Duomo di Milano

23 Days in Italy

I was in Milan for the World Championships. After not sightseeing on two off days due to rain, I took the subway to the City Center on a Wednesday. The metro stop is literally in the middle of the plaza of the giant, 500-year-old church, the Milan Catherdral, Duomo di Milano. Very impressive image walking up the stairs of the metro being dwarfed by this church, which holds in its possession the Holy Nail, a nail purported to have been used in the crucifixion of Jesus. They store it way up way in the main chapel, I guess, in a shoe box or something, for safe keeping, and, in case you wanted to borrow it, they have placed the shoe box under a red light several hundred feet up.

lion and duomoI’ve been in a bunch of old churches. This one is especially grim and awesome, but grim because they have chosen to place a large emphasis on martyred saints. In fact, the most famous statute in the entire church … there are over 3,000 statutes decorating the interior and exterior … but the most famous sculpture is called “Saint Bartholomew Flayed,” created in 1562, which depicts the saint with “his flayed skin thrown over his shoulders like a stole,” a line I lifted from Wikipedia.

So, you know, it’s kind of grim.

Oh, and about the Holy Nail … Jesus was crucified with three or four nails. Everyone is pretty much agreed on that. But there are 30 or more holy nails in the world that people revere as an actual relic, according to the Catholic Encyclopedia (via Wikipedia).

Anyways, I took in the church. Then I ate McDonalds. Sorry. I wanted to be quick with my eating time. Then I walked and walked and walked. I was trying to find the tourism office to buy a tour ticket to see The Last Supper. The person at my hotel put an x on my map and I went in search of the x.

I never found the x.

I talked to the guy at the door of the Duomo about the tourism office and he said, “Oh boy, it’s far to walk, but it’s only two trains stops down.”

I said thank you very much and headed down the metro stairs and hopped on the train, two stops later I popped out.

Never once did it occur to me that trains at the hub of the Duomo go not only both directions, but every direction. I just assumed that the guy at the door must have known where my journey started and what direction ‘two train stops down’ meant to me. So I popped out and looked around. He said the tourism office was in front of a castle, so that shouldn’t be hard to find.

But early on, I started to think I was on a wild goose chase. I walked around a bit, but I was getting tired and I thought I was in the wrong place, so I headed back to the metro stop … but not before coming upon a bus stop. And in the bus stop was a bus stop poster advertising an art exhibition. A Marc Chagall Retrospective at the Palazzo Reale or Royal Palace. Now in the past 12 months I’ve seen amazing works of art by Marc Chagall in Chicago, Milwaukee and Zurich, so I was excited to see the exhibition.

So I figured I’d do that the next day and headed back. Because I’m stubborn I walked around Milan a little more to find the tourism office, but only managed to see amazing works of ancient architecture instead. Time to head back, I thought, to the hotel.

But because I’m a little pig-headed, I took the metro to Cardona, the nearest stop to the Santa Maria delle Grazie, a UNESCO World Heritage Site, and home to The Last Supper. No, I didn’t have a ticket and no, there was zero chance of acquiring a ticket, but I had to go. I thought, if there was a side door or, you know, if it was crowded, maybe I could sneak in. Maybe I could talk my way in. I just had to get near it and that, of course, required more walking. I got near it, but I didn’t see it.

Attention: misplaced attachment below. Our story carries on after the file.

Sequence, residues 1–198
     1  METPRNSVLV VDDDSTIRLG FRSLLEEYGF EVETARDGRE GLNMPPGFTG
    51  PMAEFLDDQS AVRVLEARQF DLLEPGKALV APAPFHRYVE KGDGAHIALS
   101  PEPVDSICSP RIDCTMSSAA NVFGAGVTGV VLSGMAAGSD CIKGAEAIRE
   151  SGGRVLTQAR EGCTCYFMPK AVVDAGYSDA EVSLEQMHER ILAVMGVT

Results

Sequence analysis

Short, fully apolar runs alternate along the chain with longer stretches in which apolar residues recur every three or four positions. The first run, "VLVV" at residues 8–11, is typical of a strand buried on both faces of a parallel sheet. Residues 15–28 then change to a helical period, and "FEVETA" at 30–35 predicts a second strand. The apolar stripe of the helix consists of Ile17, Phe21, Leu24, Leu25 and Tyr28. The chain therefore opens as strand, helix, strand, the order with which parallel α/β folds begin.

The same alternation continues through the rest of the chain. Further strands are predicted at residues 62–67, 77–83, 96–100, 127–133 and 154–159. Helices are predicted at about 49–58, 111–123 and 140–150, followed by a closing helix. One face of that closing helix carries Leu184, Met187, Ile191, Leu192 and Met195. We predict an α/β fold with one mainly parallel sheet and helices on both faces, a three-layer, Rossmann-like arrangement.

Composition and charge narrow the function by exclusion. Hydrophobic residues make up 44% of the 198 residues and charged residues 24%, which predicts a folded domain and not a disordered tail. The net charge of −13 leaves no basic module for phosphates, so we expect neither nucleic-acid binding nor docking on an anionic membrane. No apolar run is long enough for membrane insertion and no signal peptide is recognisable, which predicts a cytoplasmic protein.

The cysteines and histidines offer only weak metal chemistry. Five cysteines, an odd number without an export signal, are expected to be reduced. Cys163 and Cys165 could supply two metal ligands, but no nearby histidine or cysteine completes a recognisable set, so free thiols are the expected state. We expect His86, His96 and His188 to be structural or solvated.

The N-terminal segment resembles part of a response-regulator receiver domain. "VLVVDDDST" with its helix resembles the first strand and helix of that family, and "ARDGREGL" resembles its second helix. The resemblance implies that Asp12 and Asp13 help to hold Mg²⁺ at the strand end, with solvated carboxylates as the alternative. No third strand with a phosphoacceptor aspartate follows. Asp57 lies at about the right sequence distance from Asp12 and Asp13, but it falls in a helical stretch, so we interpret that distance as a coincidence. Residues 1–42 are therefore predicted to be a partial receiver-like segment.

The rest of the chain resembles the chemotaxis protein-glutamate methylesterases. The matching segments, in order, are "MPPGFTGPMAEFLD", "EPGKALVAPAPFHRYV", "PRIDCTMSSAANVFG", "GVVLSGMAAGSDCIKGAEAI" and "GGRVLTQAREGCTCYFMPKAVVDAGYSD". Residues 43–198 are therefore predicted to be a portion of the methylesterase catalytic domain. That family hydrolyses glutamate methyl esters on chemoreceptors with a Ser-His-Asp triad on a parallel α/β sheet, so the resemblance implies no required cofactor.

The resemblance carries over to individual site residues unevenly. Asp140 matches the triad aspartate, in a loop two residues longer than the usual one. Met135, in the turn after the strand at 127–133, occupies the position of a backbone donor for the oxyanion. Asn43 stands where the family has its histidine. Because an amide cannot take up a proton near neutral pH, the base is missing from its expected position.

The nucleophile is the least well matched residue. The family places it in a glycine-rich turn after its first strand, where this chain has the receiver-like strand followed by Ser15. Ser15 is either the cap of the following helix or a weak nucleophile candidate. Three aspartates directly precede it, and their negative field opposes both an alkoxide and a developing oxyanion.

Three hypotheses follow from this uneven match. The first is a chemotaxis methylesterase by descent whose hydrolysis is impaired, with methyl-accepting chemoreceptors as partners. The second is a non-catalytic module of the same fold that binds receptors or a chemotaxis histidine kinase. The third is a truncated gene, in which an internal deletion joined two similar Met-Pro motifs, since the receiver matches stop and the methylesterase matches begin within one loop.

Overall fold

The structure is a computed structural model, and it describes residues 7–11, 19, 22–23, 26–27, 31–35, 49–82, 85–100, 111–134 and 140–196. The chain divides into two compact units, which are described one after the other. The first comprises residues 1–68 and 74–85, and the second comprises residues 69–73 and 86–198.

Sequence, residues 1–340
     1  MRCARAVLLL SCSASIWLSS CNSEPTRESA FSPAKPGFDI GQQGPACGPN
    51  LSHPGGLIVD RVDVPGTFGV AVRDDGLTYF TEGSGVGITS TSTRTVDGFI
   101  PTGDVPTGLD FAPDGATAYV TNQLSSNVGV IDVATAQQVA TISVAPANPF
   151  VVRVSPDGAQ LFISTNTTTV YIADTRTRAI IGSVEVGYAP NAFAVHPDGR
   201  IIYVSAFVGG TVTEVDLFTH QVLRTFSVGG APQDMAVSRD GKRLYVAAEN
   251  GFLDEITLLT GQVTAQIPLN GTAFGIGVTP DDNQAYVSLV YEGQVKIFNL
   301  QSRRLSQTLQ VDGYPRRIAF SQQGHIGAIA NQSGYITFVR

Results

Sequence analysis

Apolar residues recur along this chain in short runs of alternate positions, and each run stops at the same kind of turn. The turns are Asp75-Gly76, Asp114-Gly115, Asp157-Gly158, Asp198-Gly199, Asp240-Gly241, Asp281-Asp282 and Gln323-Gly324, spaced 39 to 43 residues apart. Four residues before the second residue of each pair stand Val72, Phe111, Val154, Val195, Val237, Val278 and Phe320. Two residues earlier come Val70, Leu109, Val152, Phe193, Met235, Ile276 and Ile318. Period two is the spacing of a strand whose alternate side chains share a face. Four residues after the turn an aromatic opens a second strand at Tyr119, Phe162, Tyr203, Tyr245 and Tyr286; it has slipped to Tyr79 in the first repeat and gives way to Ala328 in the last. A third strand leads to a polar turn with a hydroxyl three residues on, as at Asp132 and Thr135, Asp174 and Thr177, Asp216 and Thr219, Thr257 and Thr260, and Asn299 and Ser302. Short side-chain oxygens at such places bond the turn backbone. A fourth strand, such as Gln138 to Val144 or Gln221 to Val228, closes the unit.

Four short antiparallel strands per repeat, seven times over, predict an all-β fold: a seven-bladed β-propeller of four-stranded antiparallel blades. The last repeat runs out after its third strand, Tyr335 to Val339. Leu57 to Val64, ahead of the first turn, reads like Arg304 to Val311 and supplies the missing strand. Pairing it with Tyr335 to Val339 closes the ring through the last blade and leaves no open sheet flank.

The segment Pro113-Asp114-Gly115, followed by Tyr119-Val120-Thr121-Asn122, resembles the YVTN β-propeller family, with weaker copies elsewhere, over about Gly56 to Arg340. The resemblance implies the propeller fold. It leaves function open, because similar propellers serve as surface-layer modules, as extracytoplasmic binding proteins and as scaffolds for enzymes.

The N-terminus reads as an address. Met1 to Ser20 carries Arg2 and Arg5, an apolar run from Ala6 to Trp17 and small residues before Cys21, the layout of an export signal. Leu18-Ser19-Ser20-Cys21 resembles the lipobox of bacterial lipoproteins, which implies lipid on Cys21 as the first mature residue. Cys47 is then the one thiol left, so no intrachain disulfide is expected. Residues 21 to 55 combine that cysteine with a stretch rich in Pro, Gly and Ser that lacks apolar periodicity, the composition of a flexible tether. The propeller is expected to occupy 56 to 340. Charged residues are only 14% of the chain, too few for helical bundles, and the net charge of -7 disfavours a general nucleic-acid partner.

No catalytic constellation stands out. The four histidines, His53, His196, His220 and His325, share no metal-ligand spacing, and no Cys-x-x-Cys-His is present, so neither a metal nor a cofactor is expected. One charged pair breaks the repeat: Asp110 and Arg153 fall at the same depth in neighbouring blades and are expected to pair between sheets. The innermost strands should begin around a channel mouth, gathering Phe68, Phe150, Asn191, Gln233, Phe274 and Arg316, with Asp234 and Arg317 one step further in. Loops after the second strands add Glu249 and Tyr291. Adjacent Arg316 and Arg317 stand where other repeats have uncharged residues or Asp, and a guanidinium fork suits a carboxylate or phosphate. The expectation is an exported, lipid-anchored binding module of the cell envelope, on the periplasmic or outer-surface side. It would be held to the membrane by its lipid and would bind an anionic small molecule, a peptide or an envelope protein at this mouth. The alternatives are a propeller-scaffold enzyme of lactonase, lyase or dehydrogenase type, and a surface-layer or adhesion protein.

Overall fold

I estimated that I walked for three hours that day.

Then I really had to head back to the hotel, got a snack and headed to arena for our first match in the final round.

It was a crazy journey for the team. We played in front of 200 in our first match in Verona and then on that Wednesday in Milan, we faced Italy in front of 12,600 Italians. They liked the Italian team a lot. I actually got coach Karch Kiraly to smile a little, when I said, “I think it’s possible that maybe Italy might have a bit of home crowd advantage.”

We lost a match that we should of or could have won. So then we were teetering on elimination. We beat Russia on Thursday, but we need Italy to then beat Russia on Friday. Italy had already qualified to the semifinals. They could play all back-ups and no one could really complain.

I had absolute confidence in our team, but our destiny was out of our hands. So I pack. If Russia wins on Friday night, we go home Saturday morning.

chagall_compleannoSo on Thursday, I head back down to the City Center to the Royal Palace and take in the 220-piece retrospective of Marc Chagall, a Russia Jew, who was born in 1908 and was witness to the mistreatment of Jews in Russia in WWI and, of course, then in WWII. The exhibition was thorough with examples from his time in Russia, Paris, and America, and the curators brought together many pieces that aren’t usually seen by the public. It was a one-of-a-kind exhibit that won’t be seen anywhere else. Plus, to have it exhibited in the former Royal Palace was a trip. The Royal Palace was mostly destroyed in WWII, but it was the seat of the government for centuries. The rooms, the ceilings were pretty cool and are still after 50 years being restored. A cool venue to say the least.

This entry was posted in Arts & Culture and tagged , , , , , , . Bookmark the permalink.

Leave a Reply

Your email address will not be published.